[klohz-pin, klohth z-, klohs-]


a device, such as a forked piece of wood or plastic, for fastening articles to a clothesline.

Origin of clothespin

An Americanism dating back to 1840–50; clothes + pin Unabridged Based on the Random House Unabridged Dictionary, © Random House, Inc. 2019

Examples from the Web for clothes-pin

Historical Examples of clothes-pin

  • Her head is set on her neck like a clothes-pin, only she is squattier than a clothes-pin.

    A Voice in the Wilderness

    Grace Livingston Hill

  • You could have knocked me down with a clothes-pin aimed by a infant.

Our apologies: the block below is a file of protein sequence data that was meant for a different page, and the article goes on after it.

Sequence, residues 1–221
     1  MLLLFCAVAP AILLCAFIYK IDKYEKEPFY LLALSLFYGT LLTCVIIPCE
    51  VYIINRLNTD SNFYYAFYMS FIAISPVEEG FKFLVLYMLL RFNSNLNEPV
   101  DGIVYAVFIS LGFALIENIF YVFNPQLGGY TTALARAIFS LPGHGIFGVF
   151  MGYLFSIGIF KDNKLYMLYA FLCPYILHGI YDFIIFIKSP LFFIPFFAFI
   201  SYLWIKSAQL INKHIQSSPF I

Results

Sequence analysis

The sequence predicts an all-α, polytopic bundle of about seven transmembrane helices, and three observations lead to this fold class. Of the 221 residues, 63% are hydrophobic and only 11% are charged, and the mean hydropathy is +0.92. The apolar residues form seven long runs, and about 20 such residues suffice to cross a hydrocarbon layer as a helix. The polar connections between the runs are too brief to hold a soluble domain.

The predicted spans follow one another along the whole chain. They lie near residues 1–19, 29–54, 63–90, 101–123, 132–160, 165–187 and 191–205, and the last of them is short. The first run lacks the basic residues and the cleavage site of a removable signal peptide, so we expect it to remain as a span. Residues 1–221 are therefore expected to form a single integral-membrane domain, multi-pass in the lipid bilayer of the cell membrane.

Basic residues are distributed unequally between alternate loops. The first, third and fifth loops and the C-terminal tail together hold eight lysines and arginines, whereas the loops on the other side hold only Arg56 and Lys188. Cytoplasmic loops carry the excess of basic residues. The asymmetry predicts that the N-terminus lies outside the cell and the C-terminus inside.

• Look here, what YOU want ain't a pen, but a clothes-pin and a split nail!


    Bret Harte

  • Awkwardly, Lynn gilded the clothes-pin and suspended it from the back of a chair to dry.

  • Her driver went astraddle of it and stuck there like a clothes-pin on a line.

Word Origin and History for clothes-pin

also clothespin, by 1834, American English, from clothes + pin (n.). Clothes-peg in the same sense attested from 1812.

Online Etymology Dictionary, © 2010 Douglas Harper